Java & Threads
Threads are essentially subprocesses1:
informally, we can think of them as tasks that run "simultaneously" within a program.
For example, a web server application may have a number of threads running at a given time,
each responding to a different web page request. A graphics rendering application may have
different threads running, each rendering a different portion of an image. A strategy game
might have multiple threads running, each exploring different potential moves for an AI player
When multiple threads are in progress, the computer's operating system and processor(s) between them
determine how to actually distribute the threads among the available CPU resources. In a simple
hypothetical case where there are
two threads are running and there are two CPU cores available, we might suppose that the threads can
literally run simultaneously, one on each core. But the reality is usually muchg more complex:
- there will usually be a large number of threads competing for a small number of shared
resources (CPU cores, memory, even specific components of a given CPU core...);
- at a given moment in time, a thread that is "running" may actually not be able to progress
because it is waiting for some resource to become available (e.g. data from a particular source,
a lock on a particular file etc);
- on processors that support simultaneous multithreading (SMT), multiple threads can
actually be "executed" simultaneously on a single CPU core as far as the programmer is
The complex process of allocating threads
to available resources is generally termed thread scheduling.
Java threading APIs
Despite the above complexities, multithreading is a necessity in all but the simplest of applications:
- in recent years, greater advances in processor "power" have been made in the form
of multicore/multiprocessor architecture rather than raw clock speed per se; to make the most
of a computer's processing power, we are likely to need to distribute the work across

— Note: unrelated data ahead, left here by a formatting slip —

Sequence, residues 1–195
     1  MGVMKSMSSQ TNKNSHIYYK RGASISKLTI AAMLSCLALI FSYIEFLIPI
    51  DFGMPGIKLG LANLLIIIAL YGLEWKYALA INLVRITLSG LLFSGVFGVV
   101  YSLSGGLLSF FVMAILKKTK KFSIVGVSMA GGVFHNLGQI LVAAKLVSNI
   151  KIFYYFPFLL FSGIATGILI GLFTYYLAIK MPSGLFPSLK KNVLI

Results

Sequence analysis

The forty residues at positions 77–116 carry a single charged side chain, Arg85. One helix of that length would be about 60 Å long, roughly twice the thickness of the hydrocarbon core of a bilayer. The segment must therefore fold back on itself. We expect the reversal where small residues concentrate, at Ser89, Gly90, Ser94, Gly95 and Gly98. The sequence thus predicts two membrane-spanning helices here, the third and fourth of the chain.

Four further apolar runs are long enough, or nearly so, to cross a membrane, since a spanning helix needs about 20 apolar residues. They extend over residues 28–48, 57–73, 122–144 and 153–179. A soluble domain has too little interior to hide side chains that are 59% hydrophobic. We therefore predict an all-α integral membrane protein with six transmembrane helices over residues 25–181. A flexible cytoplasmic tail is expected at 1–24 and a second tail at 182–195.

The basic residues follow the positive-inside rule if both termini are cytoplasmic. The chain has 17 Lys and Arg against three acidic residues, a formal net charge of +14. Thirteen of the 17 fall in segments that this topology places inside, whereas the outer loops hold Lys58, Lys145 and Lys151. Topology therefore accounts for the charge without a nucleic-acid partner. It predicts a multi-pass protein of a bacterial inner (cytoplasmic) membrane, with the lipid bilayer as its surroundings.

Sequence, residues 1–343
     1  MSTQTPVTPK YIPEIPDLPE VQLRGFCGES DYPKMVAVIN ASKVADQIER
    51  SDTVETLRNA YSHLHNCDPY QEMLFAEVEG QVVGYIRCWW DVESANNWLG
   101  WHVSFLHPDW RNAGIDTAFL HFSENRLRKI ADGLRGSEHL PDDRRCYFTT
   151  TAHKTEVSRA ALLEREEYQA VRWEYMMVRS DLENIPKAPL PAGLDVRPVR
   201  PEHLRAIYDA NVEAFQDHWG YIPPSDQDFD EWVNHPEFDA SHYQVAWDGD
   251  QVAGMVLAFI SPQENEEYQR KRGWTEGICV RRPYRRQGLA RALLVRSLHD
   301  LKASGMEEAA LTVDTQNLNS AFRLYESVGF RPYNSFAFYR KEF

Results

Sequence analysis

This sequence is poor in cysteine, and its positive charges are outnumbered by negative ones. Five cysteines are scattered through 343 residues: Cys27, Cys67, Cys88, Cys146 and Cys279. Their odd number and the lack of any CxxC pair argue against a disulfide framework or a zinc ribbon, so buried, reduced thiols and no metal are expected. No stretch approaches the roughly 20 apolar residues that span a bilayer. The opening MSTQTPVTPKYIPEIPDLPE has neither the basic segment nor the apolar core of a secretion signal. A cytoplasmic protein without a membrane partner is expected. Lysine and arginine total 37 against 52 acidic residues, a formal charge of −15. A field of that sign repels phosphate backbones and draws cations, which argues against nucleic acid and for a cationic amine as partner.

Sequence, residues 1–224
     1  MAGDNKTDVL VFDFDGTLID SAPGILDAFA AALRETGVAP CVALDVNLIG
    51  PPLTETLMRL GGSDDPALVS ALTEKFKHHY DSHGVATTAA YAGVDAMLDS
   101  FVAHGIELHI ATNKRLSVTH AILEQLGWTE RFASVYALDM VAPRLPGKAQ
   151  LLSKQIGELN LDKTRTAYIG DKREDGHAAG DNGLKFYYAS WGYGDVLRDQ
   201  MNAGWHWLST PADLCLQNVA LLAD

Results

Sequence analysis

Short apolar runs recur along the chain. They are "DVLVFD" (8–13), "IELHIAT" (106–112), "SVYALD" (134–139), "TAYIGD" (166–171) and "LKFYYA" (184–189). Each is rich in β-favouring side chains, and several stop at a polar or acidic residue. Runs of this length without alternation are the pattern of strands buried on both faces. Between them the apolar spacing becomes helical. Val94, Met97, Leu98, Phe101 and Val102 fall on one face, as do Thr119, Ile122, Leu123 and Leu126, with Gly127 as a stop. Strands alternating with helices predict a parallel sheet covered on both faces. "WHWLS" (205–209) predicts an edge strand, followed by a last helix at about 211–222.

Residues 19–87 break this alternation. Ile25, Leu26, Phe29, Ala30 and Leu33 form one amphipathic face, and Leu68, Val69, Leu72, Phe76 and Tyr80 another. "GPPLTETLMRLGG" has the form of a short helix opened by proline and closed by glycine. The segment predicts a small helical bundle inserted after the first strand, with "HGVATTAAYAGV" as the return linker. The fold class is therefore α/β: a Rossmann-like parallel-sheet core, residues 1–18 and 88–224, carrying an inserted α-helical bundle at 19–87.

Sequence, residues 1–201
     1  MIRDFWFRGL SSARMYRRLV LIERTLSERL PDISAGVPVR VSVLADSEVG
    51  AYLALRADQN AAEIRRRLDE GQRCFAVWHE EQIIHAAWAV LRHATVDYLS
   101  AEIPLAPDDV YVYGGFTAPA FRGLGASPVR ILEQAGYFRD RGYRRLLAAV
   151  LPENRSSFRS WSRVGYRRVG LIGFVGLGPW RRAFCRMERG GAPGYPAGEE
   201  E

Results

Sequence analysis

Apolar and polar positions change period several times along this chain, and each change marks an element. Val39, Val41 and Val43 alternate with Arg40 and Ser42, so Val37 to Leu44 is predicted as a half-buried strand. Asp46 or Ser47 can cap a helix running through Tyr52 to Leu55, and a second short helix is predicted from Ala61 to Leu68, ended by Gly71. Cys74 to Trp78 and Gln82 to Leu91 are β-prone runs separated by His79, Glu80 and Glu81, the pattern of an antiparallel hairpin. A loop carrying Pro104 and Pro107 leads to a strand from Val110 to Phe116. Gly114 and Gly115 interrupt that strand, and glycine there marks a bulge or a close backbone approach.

multiple processors or cores;
- in other cases, the benefits of multithreading may have more to do with program flow and
logic: in our example of a web server processing incoming simultaneous equests,
processing different requests in separate threads makes the program easier to organise, even if
the hardware it is running on is likely to have only a few cores compared to the number of
Different applications, then, need to make different uses of multithreading. Because of these different
uses, and as typical uses have evolved over time, a number of different threading APIs have evolved
both in Java and in other modern programming langauges.
The Thread class and associated Runnable interface
and other methods
provide the lowest level API that the programmer generally needs to deal with.
This is the most "traditional" form of thread programming and is essentially the API that has been around since
the very first versions of Java. Java's Thread class, along with the simple thread methods
and a few other associated classes (notably Runnable) provide very broad-level features such as methods for:
As mentioned, the Thread API is essentially a low-level API. There is generally a close mapping between a Java Thread
object and an actual thread or process at the operating system level. Calls such as Thread.start(), Thread.sleep(),
Object.notify() etc will generally map quite closely to underlying operating system calls.
API does not define thread tasks in terms of logical concepts such as jobs, queues, time limits etc.
It is herefore
the keystone of thread programming, but not the be-all-and-end-all in complex multithreaded applications.
In particular, it does little to help the programmer to organise thread tasks into other structures that
might be required such as processing queues, task statuses and communication between subtasks.
For more information, see the Java Thread tutorial on the following page.
The Executor framework
In can be cumbersome to write complex multithreaded applications using the Thread API alone.
Therefore, the Java executor framework allows threads and their tasks to be defined in more "logical",
higher-level terms (e.g. "tasks" are "scheduled" or added to queues).
Even with the Executor framework, the task of splitting a given task into multiple parallel subtasks can be tedious.
The Java Stream API simplifies this for a class of tasks that can be
broadly categorised as divide and conquer. If the task can be organised into a "stream" of largely
independent items that can be split into sub-streams, then turning the task into a multithreaded one can
be as simple as replacing stream() with parallelStream(). (The reality of when this is actually
possibly and beneficial can also be much more complex!)
A new API named Project Loom aims to offer a programming model similar to the
traditional Thread model but with improved performance. The idea is that threads presented to the programmer are actually "virtual"
threads. Tasks executed on different virtual threads as far as the programmer is concerned can be switched in and out of
a smaller number of actual threads, all by the JVM, without the overhead of operating system calls to achieve this switching.
Getting started with threads in Java
On the next page, we look at how to start using threads in Java. It is recommended
you then look at the other APIs mentioned above if you are planning to work on more advanced and complex multithreaded applications in Java.